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Child receives vaccine in Burkina Faso.
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Health

20 Million Children Missed Out on Life-Saving Vaccines in 2018: Report


Why Global Citizens Should Care
Global immunization efforts are one of the most important initiatives needed to achieve Global Goal 3 on good health and well-being for all. Safe and efficient vaccines like the MMR or HPV vaccines are the best way to avoid outbreaks of terrible vaccine-preventable diseases. Join Global Citizen and take action now.

Around the world, more than 20 million children missed out on vital vaccines like the ones that prevent measles, diphtheria, and tetanus in 2018, according to data released Monday.

The data, produced by the World Health Organization (WHO) and UNICEF, provides an annual update on immunization coverage estimates globally. The figures show that vaccine rates have stalled due to conflict, inequality, and complacency.

The report indicates that global vaccination coverage of three doses of diphtheria, tetanus, and pertussis (DTP3) and one dose of the measles vaccine has been stuck at about 86% since 2010.

“Vaccines are one of our most important tools for preventing outbreaks and keeping the world safe,” Dr. Tedros Adhanom Ghebreyesus, director-general of the WHO, said in a statement. “While most children today are being vaccinated, far too many are left behind. Unacceptably, it’s often those who are most at risk — the poorest, the most marginalized, those touched by conflict or forced from their homes — who are persistently missed.”

The report notes that almost half of the children who missed out on vaccines lived in just 16 countries: Afghanistan, the Central African Republic, Chad, Democratic Republic of the Congo, Ethiopia, Haiti, Iraq, Mali, Niger, Nigeria, Pakistan, Somalia, South Sudan, Sudan, Syria, and Yemen.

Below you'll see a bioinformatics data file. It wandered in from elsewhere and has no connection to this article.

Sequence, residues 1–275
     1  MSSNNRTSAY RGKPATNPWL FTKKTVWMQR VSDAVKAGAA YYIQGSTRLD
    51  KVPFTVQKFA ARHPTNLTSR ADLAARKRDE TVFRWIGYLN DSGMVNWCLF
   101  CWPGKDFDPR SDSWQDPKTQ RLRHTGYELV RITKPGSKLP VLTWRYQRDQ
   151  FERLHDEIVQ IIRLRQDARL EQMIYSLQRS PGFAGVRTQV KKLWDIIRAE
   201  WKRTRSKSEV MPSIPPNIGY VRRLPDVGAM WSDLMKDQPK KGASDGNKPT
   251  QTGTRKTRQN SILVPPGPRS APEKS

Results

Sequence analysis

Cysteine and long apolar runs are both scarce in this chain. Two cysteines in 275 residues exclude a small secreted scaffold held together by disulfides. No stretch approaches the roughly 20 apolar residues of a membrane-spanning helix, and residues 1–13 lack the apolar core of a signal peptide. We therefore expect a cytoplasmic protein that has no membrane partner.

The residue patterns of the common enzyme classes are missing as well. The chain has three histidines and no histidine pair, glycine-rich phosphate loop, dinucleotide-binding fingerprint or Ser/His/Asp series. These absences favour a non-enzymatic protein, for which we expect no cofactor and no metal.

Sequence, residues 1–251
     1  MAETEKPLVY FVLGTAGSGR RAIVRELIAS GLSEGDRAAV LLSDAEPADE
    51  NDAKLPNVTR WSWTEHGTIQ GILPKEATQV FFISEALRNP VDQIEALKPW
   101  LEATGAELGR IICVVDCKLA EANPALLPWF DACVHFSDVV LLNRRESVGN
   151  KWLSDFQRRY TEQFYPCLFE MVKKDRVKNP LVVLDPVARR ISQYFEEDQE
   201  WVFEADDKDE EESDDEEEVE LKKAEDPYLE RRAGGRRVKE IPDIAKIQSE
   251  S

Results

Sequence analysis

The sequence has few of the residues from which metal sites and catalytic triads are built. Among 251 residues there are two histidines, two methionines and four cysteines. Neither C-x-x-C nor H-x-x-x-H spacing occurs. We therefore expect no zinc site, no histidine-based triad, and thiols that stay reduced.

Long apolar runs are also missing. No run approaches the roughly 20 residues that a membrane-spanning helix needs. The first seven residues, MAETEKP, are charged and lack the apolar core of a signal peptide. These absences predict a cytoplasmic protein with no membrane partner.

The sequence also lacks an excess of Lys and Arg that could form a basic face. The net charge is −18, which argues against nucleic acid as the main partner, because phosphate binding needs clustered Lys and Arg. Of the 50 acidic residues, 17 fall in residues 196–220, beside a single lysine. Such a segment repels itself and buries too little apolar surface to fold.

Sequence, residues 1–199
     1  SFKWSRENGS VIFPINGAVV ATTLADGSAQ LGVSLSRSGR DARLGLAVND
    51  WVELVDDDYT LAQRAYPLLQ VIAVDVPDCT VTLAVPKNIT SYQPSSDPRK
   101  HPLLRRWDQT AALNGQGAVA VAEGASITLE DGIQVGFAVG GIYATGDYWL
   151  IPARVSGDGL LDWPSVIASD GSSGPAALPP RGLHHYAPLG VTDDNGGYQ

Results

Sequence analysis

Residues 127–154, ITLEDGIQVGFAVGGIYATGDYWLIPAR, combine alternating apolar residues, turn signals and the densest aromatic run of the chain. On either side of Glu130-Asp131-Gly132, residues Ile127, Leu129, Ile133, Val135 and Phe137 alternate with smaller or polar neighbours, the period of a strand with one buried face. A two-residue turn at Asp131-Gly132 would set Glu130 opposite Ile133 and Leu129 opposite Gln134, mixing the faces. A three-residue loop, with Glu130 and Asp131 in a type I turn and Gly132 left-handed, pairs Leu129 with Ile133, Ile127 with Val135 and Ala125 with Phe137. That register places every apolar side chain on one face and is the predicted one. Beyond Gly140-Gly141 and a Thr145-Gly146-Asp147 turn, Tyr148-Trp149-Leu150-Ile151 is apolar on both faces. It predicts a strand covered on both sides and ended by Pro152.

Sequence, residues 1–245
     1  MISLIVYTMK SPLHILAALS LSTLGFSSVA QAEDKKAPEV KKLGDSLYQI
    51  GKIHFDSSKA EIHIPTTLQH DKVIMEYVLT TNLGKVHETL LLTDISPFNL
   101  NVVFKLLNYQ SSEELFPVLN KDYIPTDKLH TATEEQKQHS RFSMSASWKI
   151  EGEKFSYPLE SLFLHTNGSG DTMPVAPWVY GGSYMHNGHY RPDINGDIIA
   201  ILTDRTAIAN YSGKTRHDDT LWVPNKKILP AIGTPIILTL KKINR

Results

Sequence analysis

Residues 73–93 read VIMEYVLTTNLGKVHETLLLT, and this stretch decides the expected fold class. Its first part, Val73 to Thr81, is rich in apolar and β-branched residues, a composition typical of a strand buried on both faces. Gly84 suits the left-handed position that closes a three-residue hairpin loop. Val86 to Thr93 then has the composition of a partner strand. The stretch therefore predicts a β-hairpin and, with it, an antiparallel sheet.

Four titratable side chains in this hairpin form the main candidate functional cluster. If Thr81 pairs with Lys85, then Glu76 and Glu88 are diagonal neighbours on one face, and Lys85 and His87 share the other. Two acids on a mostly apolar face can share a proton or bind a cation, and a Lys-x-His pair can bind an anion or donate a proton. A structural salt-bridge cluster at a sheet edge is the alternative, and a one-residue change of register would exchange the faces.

While providing access to vaccines for hard-to-reach populations continues to be an anticipated obstacle, 2018 was marked by a different concern, particularly within developed countries.

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Measles outbreaks have popped up globally, in large part due to the anti-vaccination movement

“Measles is a real time indicator of where we have more work to do to fight preventable diseases,” Henrietta Fore, UNICEF’s executive director, said in a statement. “Because measles is so contagious, an outbreak points to communities that are missing out on vaccines due to access, costs, or, in some places, complacency. We have to exhaust every effort to immunize every child.”

There were almost 350,000 measles cases reported globally in 2018 — more than double the number in 2017 — according to the report.

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The measles, mumps, and rubella (MMR) vaccine has been available since 1963, and vaccinating children is the best way to prevent future outbreaks. Prior to its introduction, measles was the leading cause of death among children worldwide. 

This year’s immunization update also included statistics on human papillomavirus (HPV) vaccine coverage: 90 countries had added the HPV vaccine to their national vaccine programs as of 2018. 

HPV is an extremely common virus that can present no harmful symptoms but can also lead to cervical cancer — 99% of cervical cancer cases are caused by HPV.

There were over 500,000 new cases of cervical cancer in 2018 and in some countries in sub-Saharan Africa, it is the leading cause of cancer-related deaths in women.

Of the 90 countries with national introduction, only 13 were lower-income countries, which indicates that the girls most at risk still lack access to this vital vaccine.

The WHO strives for global immunization coverage of 95%, as that would sufficiently protect all communities against outbreaks of vaccine-preventable diseases, which would ultimately lead to progress towards achieving Global Goal 3 on good health and well-being for all.